Environmental groups praised the report. "If we don't slam the brakes on the carbon pollution driving climate change, we're dooming ourselves and our children to more intense heat waves, destructive floods and storms and surging sea levels," said Frances Beinecke, president of the Natural Resources Defense Council.
Scientists and the White House called it the most detailed and U.S.-focused scientific report on global warming.
The report looks at regional and state-level effects of global warming, compared with recent reports from the United Nations that lumped all of North America together.
"All Americans will find things that matter to them in this report," said scientist Jerry Melillo of the Marine Biological Laboratory, who chaired the science committee that wrote it. "For decades we've been collecting the dots about climate change; now we're connecting those dots."
In a White House conference call with reporters, National Climatic Data Center Director Tom Karl said his two biggest concerns were flooding from sea level rise on the U.S. coastlines - especially for the low-lying cities of Miami; Norfolk, Virginia; and Portsmouth, New Hampshire - and drought, heat waves and prolonged fire seasons in the Southwest.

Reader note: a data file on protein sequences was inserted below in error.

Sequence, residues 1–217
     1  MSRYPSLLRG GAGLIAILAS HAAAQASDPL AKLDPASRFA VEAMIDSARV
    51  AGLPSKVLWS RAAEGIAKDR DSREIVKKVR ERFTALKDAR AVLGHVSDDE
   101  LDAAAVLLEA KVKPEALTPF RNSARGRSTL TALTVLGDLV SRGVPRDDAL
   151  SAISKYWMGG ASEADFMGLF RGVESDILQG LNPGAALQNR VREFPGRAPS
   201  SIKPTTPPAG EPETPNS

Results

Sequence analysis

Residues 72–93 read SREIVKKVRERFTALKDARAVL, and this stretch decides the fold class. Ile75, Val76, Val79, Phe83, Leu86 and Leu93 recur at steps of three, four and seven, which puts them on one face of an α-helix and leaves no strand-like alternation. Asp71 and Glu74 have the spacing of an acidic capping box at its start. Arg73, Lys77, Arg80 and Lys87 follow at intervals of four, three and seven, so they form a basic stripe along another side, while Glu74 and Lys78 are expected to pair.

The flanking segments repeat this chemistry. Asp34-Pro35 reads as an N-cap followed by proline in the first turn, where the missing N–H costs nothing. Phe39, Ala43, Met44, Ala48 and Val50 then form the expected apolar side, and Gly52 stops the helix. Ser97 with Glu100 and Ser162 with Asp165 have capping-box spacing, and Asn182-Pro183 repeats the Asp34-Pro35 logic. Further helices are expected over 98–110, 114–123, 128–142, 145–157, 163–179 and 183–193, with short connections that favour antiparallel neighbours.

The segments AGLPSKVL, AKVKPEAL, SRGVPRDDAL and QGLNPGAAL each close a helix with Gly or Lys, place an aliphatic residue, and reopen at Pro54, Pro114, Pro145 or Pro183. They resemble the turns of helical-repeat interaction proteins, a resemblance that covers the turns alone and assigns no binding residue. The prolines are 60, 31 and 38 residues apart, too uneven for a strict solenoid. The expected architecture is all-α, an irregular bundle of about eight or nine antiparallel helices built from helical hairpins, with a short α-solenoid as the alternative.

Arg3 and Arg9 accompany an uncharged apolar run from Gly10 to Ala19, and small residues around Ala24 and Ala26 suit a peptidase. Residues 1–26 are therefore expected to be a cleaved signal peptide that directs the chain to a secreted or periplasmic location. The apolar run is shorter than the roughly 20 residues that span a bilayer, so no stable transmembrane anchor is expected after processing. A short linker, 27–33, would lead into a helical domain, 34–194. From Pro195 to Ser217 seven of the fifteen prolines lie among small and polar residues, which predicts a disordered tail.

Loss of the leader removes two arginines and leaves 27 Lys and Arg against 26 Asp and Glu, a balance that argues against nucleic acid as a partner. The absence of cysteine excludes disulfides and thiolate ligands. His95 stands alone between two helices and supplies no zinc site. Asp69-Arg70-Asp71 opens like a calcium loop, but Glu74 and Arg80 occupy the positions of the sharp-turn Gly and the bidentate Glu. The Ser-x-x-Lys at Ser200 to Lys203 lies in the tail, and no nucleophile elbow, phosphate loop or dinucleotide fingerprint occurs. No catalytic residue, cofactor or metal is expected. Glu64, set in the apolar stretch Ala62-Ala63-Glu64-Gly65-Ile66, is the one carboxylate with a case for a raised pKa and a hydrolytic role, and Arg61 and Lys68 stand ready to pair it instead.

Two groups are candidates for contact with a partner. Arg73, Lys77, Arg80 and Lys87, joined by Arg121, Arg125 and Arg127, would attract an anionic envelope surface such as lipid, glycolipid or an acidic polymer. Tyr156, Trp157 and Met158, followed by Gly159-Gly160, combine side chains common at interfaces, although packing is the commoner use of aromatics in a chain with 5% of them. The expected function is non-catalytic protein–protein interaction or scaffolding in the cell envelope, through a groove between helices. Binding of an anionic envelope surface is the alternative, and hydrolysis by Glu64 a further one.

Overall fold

Even though the nation's average temperature has risen by between 1.3 and 1.9 degrees since record-keeping began in 1895, it's in the big, wild weather where the average person feels climate change the most, said co-author Katharine Hayhoe, a Texas Tech University climate scientist. Extreme weather hits us in the pocketbook and can be seen with our own eyes, she said.
The report says the intensity, frequency and duration of the strongest Atlantic hurricanes have increased since the early 1980s, but it is still uncertain how much of that is from man-made warming. Winter storms have increased in frequency and intensity and have shifted northward since the 1950s, it says. Also, heavy downpours are increasing - by 71 percent in the Northeast. Heat waves, such as those in Texas in 2011 and the Midwest in 2012, are projected to intensify nationwide. Droughts in the Southwest are expected to get stronger. Sea level has risen 8 inches since 1880 and is projected to rise between 1 foot and 4 feet by 2100.
Climate data center chief Karl highlighted the increase in downpours. He said last week's drenching, when Pensacola, Florida, got up to 2 feet of rain in one storm and parts of the East had 3 inches in one day, is what he's talking about.
The report says "climate change threatens human health and well-being in many ways." Those include smoke-filled air from wildfires, smoggy air from pollution, and more diseases from tainted food, water, mosquitoes and ticks. And the ragweed pollen season has lengthened.
Flooding alone may cost $325 billion by the year 2100 in one of the worst-case scenarios, with $130 billion of that in Florida, the report says. Already the droughts and heat waves of 2011 and 2012 have added about $10 billion to farm costs, the report says.